Sen. Tim Kaine (D-Va.) on Capitol Hill on Feb. 3. (J. Scott Applewhite/AP)

Sen. Rand Paul gained an important ally Tuesday in his quest to have the Senate vote to force a debate on authorizing the military’s combat operations against extremist groups, as Sen. Tim Kaine signaled that he was ready to come on board.

But Kaine’s decision to join Paul’s efforts did not inspire other senators to follow suit, as leading Republicans and Democrats argued against putting an expiration date on existing authorizations for the United States’ engagement in high-stakes conflicts around the world.

Kaine (D-Va.), who has been one of the Senate’s most consistent voices urging Congress to weigh in on the military’s engagement against extremist forces in Iraq, Afghanistan and elsewhere, said Tuesday that he would support Paul’s (R-Ky.) amendment if it comes up for a vote.

“I view his amendment as an attempt to force Congress to do what it should do,” Kaine said. “I think it is way past time, way past time, for Congress to take this up and for everybody to be on the record.”

It's a change of heart for Kaine, who was quick to criticize last week when Paul launched his effort to add to the defense bill a six-month deadline to pass an authorization for military force. He said Paul's campaign would "unnecessarily" hold up progress on the defense bill and that such a delay would "be a disservice to our service members and their families." He added that the Senate Foreign Relations Committee was the proper forum in which to debate an Authorization for Use of Military Force (AUMF).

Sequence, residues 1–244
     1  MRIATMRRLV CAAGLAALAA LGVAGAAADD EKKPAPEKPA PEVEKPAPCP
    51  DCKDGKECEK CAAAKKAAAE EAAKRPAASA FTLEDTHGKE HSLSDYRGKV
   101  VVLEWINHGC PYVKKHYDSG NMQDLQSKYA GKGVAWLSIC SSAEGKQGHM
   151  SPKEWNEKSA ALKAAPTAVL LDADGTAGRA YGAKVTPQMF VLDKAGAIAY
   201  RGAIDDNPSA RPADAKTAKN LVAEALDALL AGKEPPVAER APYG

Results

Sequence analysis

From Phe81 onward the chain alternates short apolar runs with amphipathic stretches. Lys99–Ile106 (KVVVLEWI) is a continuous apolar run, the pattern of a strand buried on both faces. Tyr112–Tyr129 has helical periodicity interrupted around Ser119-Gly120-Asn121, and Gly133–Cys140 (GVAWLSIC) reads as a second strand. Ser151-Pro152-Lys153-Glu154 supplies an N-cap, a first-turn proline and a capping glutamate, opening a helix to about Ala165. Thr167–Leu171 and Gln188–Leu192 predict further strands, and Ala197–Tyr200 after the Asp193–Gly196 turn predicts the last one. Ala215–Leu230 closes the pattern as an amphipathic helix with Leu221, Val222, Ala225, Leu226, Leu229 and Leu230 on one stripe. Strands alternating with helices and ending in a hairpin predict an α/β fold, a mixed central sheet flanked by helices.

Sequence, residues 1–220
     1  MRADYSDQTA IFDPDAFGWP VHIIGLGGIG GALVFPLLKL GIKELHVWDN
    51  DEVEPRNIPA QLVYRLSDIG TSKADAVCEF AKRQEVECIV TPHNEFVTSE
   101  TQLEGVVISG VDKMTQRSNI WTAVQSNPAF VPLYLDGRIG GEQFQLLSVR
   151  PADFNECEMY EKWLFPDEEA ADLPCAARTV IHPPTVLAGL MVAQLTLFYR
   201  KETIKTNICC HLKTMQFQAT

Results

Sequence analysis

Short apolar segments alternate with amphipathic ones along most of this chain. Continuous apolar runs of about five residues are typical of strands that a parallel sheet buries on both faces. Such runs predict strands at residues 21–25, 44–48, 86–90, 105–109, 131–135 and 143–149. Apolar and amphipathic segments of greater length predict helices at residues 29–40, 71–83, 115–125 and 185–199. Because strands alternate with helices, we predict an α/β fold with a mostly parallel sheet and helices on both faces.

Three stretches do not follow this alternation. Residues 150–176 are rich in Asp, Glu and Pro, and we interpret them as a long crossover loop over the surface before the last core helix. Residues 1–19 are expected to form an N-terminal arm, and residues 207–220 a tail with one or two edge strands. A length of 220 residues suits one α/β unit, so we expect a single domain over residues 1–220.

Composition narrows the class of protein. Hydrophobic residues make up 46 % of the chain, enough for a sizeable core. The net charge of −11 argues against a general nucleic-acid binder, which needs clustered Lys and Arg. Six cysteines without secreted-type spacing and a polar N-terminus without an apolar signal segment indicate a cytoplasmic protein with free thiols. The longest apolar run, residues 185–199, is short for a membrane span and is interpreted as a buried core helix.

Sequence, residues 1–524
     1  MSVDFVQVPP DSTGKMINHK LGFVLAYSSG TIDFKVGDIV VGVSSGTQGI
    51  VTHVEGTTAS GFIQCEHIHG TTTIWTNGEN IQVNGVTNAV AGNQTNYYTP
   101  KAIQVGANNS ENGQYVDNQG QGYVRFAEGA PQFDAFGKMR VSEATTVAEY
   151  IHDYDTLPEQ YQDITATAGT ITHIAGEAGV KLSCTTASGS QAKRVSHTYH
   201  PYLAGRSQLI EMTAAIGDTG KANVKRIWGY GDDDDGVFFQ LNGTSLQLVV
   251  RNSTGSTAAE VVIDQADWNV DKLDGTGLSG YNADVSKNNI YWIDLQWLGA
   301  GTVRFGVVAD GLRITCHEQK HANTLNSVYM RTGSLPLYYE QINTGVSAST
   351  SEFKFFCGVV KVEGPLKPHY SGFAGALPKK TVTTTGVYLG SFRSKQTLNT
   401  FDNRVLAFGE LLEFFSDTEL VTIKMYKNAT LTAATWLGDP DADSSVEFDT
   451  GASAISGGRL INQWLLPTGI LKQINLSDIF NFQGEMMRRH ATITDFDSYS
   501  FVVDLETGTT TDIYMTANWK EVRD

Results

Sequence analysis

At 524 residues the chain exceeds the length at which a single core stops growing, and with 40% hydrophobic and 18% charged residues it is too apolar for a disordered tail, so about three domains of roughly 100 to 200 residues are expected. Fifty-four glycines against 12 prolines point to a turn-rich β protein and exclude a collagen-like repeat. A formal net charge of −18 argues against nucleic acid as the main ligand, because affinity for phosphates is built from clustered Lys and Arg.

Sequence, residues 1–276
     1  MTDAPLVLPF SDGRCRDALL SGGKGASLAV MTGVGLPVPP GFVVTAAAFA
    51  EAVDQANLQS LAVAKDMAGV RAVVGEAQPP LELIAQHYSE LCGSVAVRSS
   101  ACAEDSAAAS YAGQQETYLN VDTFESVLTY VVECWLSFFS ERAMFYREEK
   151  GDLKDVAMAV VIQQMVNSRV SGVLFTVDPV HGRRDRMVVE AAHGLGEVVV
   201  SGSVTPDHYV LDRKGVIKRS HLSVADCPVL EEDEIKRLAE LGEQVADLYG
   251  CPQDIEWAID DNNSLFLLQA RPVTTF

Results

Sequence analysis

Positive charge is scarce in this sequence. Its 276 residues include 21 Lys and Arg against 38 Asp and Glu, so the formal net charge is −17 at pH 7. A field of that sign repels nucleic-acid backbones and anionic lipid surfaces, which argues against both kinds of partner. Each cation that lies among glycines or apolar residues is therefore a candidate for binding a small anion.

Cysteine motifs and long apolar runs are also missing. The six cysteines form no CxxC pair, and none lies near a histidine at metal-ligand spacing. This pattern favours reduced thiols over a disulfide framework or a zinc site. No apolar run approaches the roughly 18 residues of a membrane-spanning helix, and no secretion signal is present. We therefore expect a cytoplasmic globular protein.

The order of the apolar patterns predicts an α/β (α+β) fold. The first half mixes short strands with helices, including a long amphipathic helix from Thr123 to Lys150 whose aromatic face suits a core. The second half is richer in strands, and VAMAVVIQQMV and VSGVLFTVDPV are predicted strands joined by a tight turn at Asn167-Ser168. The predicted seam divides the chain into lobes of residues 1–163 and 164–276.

But Tuesday, Kaine’s patience appeared to have waned. He announced on the floor that he is “supporting Senator Paul’s amendment,” because there was “no particular motive or forcing mechanism that has made the committee take this up.”

Senate Foreign Relations Committee Chairman Bob Corker (R-Tenn.), who has promised that his panel will tackle an AUMF proposal soon, is not expected to object to Paul’s amendment coming up for a vote.

Kaine’s turnaround was an important boost for Paul, who often has been on his own in advocating isolationist positions. Paul was alone Monday in threatening to block progress on the defense bill until lawmakers tackle his AUMF amendment.

But others were quick to denounce the effort as one that could jeopardize national security.

“We have to think seriously about what the message would be if we adopted this resolution,” said Sen. Jack Reed (D-R.I.), the ranking member on the Senate Armed Services Committee. “The headlines in Baghdad and the headlines in Kabul and the headlines in Damascus would be ‘U.S. moves to end engagement.’ . . . Unless we could do something literally next week, we would be running into the reality of American military commanders wondering whether or not they should begin to plan for the extraction of our forces.”

A one-week turnaround is a fanciful idea for a Congress that has unsuccessfully grappled with AUMF debates for years.

Kaine is an author of the AUMF proposal that has featured most prominently in that debate, along with Sen. Jeff Flake (R-Ariz.). Their proposal would replace the 2001 AUMF, which Congress passed to greenlight the war in Afghanistan, with a new measure focused on fighting extremist groups such as al-Qaeda, the Islamic State and the Taliban.

Flake split from Kaine on Tuesday, stating on the Senate floor that he could not support Paul’s amendment “because of the very real risk associated with repealing such a vital law before we have something to replace it with.”

A spokeswoman for Senate Armed Services Committee Chairman John McCain (R-Ariz.), who is in charge of the defense bill’s progress through the Senate, would not say Tuesday whether leaders were planning on allowing a vote on Paul’s amendment.

Practically speaking, Paul’s ability to block progress on the defense bill is limited: He can slow the debate to advocate for his AUMF measure, but he cannot indefinitely prevent the defense bill from advancing.

The Senate is scheduled to take its next procedural vote on the defense bill at 10 a.m. Wednesday.